Optimising WordPress Database
Optimising WordPress Database – How and Why
Databases are the life-blood of your website, especially if you are utilising a content management system (CMS). Websites using static HTML rely on storing data within the webpage itself. On the other hand, the variety of data stored by CMS and the data’s various use-cases are best served by databases such as SQL, XML, noSQL and so on. WordPress is no exception to this rule. All dynamic as well as static content along with varied other pieces of information is stored by WordPress in its database matrix.
What Is Meant By Database Overhead?
While databases are a powerful standard when it comes to dealing with information, like any other software, they require maintenance too. Lack of maintenance will see databases get bloated and slowing down your website. Even though WordPress does strive to reduce the proliferation of bloated databases, ‘database overhead’ is something every webmaster must keep tabs on.
Database overhead happens when stale data has accumulated in your database. Revisions to posts, pages, spam comments, trashes etc. all get stored within the WordPress database. While these allow for a better user experience in terms of ease of content management, if left unchecked, these can ultimately hinder user experience itself. A good analogy to draw is with disk defragmentation or even something like regularly changing the oil in your car engine.
Database overhead can be managed manually. A common practice entails clearing the overhead through phpMyAdmin. Having said that, going through phpMyAdmin is also not the ideal way to optimise databases. There are better WordPress plug-ins that will do all the work for you; the most popular and effective one being WP-Optimize.
Transient is a type of caching functionality that WordPress provides. Like any caching option, this allows you to retrieve data rapidly when it otherwise would have taken longer. However, WordPress transients are different from the garden variety caching tools in that these come with an expiration date. Transients don’t always get removed from the database when they expire and the consequence is bloating. Transient records can be found in the wp_options table unless you are using an object cache system like ‘memcached’.
Transients are hardly the biggest culprits of stale data and bloating. That being said, it is worth a few clicks to clear them out and keep your tables optimised. There is help at hand in form of several plugins that can help in dealing with transient records, expired or not. One such tool is Transient Cleaner. Another plugin – Delete Expired Transients – provides the functionality that Transient Cleaner does while also allowing you to schedule daily tasks for dealing with transients.
Unused Plugins and Themes
Almost every plugin will use your WordPress database to store information required for the plugin’s functioning. Inconveniently, this data stays even after you have uninstalled or deactivated the plugin. This is the default scheme so as to allow hassle-free re-activation of the plugin. Nevertheless, there are times when plugins are installed only for the purpose of a test run and times when you are certain about stopping to use the plugin altogether.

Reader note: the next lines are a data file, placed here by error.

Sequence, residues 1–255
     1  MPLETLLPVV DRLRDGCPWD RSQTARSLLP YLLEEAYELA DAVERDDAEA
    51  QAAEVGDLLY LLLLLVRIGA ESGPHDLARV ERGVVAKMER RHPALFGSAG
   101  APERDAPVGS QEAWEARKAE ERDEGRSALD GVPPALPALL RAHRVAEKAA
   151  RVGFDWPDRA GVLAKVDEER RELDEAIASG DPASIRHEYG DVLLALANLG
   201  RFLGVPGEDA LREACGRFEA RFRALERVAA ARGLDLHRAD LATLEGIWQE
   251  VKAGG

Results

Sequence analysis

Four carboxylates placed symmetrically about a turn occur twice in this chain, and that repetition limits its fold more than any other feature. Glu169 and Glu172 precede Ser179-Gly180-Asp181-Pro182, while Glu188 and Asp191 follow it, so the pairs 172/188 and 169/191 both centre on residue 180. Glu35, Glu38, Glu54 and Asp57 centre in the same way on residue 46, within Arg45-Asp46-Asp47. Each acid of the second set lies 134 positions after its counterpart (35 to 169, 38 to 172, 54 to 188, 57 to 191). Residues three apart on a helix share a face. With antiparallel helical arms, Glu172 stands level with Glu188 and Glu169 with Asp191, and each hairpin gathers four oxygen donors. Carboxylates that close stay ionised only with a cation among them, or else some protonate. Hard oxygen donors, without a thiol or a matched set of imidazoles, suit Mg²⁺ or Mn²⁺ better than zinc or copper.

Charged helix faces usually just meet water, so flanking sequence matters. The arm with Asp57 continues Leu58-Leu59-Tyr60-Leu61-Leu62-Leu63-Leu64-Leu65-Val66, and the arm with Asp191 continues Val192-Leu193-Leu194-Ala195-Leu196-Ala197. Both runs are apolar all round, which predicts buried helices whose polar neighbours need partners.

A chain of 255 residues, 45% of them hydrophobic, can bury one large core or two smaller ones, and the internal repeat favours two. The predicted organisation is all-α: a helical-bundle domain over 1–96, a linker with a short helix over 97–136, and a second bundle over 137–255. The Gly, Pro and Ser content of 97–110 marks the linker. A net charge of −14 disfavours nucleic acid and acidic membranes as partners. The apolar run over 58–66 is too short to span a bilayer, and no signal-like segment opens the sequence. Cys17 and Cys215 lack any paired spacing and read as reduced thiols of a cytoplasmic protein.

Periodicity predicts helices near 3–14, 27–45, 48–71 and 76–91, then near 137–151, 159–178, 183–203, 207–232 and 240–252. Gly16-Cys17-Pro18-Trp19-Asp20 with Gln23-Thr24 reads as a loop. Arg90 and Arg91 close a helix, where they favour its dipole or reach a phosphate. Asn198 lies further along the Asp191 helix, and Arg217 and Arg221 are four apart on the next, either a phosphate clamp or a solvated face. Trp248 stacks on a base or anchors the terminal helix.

While some plugins do incorporate the ability to delete all related data within the plugin itself, it is definitely not the norm. Consequently, stale data accumulates, leading to unnecessary overheads. The same applies for themes used in WordPress. Again, phpMyAdmin can be used to rid your underlying databases of the required tables.
However, even with a fairly decent understanding of the 11 essential databases that form the core of WordPress’ database management system, it may not be straightforward. There is where a plugin like WPDBSpringClean shows its worth. It identifies the tables correlating to the plugins no longer in use and lets you delete them if required.
Introduced in WordPress 2.6, WordPress’ revision system has seen many database administrators experience an increase in database size. It is not surprising considering how a copy of every change in the blog post is stored by WordPress.
While this provides for the useful ability to revert to older versions of your blog right back to the ideation stage, there is very little utility to stored revisions once the blog has been published. Another important thing to note is that changes which you make to current revision settings will only be prospectively applied, meaning the older blog saves will not be affected. So do not hesitate to make changes to the iterations of revisions that are saved or maybe even contemplate doing away with revision save altogether.
There are a few plugins that allow you to accomplish this task. It can be done through MySQL as well but you need to be absolutely sure of the command lines being used. Optimize Database after Deleting Revisions has shown some great results. Additionally, it can also be used to manage transients and spam items. Plus, the scheduler functionality can be used to great effect.
Keeping your database clean and optimised has a very subtle but effective impact. As the scale of your website grows, so will the bloat and consequently the website delays. It is highly undesirable and can affect conversions – possibly the last thing you want as a website that is scaling up. The above optimisations will be of great use in keeping your WordPress database in order.
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